Selected COVID-19 and trucking industry news that may impact your business.
As of August 12, 2020:
FMCSA Extends Emergency Declaration
Late yesterday, FMCSA again extended its emergency declaration that was set to expire August 14, 2020. The notice extends the emergency declaration to September 14, 2020 and returns food, paper products and other groceries for emergency restocking of distribution centers or stores to the short list of covered commodities. Currently the following four commodity classes are covered by the declaration.
- Livestock and livestock feed;
- Medical supplies and equipment related to the testing, diagnosis and treatment of COVID-19;
- Supplies and equipment necessary for community safety, sanitation, and prevention of community transmission of COVID-19 such as masks, gloves, hand sanitizer, soap and disinfectants, and;
- Food, paper products and other groceries for emergency restocking of distribution centers or stores.
The declaration only covers “direct assistance in support of emergency relief efforts” and does not cover routine commercial deliveries, including mixed loads with a nominal quantity of qualifying emergency relief. The terms and conditions of the exemption remain unchanged.
Class 8 net orders show gains in July
FTR reported that preliminary North American Class 8 orders—at 20,000 units—was up 28% compared to June’s 14,400, and doubled its output compared to July 2019. And over the last 12 months, FTR said Class 8 orders came in at 168,000 units. And ACT Research reported that preliminary July North American Class 8 net orders—at 20,300 units—were up 27% compared to June and up 98% annually, against what it called “a very easy year-ago comparison.” Read More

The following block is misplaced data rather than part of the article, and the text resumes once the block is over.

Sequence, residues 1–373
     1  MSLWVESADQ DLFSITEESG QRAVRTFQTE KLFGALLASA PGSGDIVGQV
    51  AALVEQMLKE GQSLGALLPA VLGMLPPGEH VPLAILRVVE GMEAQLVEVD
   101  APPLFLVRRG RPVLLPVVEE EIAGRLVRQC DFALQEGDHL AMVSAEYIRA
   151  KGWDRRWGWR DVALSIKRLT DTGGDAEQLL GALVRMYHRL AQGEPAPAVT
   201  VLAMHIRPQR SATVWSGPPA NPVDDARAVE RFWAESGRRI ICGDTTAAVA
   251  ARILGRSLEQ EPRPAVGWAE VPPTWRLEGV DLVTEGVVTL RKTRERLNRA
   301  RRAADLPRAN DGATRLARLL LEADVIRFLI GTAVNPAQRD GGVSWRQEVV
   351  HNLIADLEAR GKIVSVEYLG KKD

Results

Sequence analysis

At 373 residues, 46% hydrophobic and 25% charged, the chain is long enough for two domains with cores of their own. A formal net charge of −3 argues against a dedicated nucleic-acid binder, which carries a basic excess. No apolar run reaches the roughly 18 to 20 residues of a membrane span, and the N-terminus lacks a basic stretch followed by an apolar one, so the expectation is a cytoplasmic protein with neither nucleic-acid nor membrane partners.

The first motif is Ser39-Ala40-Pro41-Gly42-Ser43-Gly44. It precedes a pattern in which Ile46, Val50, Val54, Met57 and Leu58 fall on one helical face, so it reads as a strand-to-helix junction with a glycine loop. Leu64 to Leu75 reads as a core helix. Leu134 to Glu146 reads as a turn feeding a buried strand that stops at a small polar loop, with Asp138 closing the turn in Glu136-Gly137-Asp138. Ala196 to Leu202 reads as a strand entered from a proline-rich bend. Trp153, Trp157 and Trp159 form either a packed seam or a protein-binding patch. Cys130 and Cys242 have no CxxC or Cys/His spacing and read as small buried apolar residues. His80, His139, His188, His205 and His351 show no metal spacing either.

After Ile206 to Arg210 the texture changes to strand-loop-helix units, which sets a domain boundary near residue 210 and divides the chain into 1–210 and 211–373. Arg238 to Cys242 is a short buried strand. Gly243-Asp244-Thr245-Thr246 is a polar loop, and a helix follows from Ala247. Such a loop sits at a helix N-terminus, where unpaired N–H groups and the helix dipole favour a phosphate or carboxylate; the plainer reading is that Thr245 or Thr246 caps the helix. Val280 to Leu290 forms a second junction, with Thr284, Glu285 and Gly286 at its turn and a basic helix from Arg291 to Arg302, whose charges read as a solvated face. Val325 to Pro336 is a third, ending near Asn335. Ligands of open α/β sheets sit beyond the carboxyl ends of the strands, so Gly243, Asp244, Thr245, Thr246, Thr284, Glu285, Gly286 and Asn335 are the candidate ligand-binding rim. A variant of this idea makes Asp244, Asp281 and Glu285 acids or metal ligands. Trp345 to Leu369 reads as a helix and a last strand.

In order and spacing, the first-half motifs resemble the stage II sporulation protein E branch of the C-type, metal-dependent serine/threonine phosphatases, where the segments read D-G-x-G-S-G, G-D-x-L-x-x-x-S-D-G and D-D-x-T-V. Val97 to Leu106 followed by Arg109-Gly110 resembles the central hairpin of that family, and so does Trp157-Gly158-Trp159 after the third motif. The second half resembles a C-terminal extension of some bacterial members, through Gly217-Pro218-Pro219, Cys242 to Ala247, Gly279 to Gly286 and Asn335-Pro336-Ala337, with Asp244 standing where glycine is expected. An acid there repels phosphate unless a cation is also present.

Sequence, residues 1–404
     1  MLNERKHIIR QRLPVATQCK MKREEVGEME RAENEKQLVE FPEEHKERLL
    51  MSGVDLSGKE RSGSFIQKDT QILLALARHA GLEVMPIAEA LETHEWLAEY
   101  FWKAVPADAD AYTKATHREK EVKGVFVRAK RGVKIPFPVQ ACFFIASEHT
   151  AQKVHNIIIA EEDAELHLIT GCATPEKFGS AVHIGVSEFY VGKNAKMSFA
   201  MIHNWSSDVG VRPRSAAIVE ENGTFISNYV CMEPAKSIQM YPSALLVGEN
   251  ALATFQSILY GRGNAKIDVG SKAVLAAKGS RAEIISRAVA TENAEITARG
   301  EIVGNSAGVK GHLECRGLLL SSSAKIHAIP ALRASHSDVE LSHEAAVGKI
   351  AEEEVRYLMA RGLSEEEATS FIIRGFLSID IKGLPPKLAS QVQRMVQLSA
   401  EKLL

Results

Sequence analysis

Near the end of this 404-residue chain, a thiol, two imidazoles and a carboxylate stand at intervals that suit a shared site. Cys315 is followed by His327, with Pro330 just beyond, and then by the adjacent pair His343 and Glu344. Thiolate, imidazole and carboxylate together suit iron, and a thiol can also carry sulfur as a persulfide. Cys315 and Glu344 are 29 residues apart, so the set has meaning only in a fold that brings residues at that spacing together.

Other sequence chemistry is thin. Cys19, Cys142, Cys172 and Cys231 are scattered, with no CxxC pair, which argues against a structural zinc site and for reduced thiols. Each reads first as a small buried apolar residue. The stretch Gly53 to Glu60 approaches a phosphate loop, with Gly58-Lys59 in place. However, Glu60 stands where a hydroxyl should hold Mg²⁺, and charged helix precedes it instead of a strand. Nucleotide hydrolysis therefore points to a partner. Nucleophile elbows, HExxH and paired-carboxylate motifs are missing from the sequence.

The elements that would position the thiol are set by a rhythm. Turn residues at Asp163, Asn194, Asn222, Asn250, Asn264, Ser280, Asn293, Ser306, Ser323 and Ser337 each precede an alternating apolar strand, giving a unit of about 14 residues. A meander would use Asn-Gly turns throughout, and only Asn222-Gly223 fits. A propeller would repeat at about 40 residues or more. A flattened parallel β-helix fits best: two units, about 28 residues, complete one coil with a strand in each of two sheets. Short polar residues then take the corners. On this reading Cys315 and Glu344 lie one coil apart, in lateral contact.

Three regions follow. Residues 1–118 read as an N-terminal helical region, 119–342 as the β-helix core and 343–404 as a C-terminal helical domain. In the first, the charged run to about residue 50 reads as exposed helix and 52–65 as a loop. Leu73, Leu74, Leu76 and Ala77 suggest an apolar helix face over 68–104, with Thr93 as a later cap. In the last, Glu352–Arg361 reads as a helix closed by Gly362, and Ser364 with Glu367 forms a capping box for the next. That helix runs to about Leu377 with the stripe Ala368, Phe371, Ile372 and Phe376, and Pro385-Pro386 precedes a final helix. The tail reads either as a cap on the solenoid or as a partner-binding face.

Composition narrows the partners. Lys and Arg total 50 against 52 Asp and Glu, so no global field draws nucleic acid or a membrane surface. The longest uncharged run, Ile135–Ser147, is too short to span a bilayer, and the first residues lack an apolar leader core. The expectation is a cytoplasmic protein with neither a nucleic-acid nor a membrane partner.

Trucking markets: Falling off, giving back
Life is hard for 3PLs right now: purchased transportation costs are way up, there are ‘difficult conversations’ to be had with customers, and the load board that truck brokers are increasingly forced to book are not the most reliable.
Truckload tender rejections moderated over the past few days to 21.26%, a very high number, but spot volumes and rates continue to rise. We view the 98% week-over-week (w/w) increase in Truckstop.com spot volume from Los Angeles to Dallas as signaling the difficulty that freight brokerages are encountering trying to move volume with their established carrier networks. Read More
Unsurprisingly, virus and freight downturn ate into largest carriers’ revenues and profits in 2020’s first half
Several of the country’s largest for-hire motor carriers saw their revenues and profits tumble in the first half of 2020 compared to the same time period a year ago, as the COVID-19 pandemic and corresponding shutdown orders ate into freight volumes and trucking rates. Read More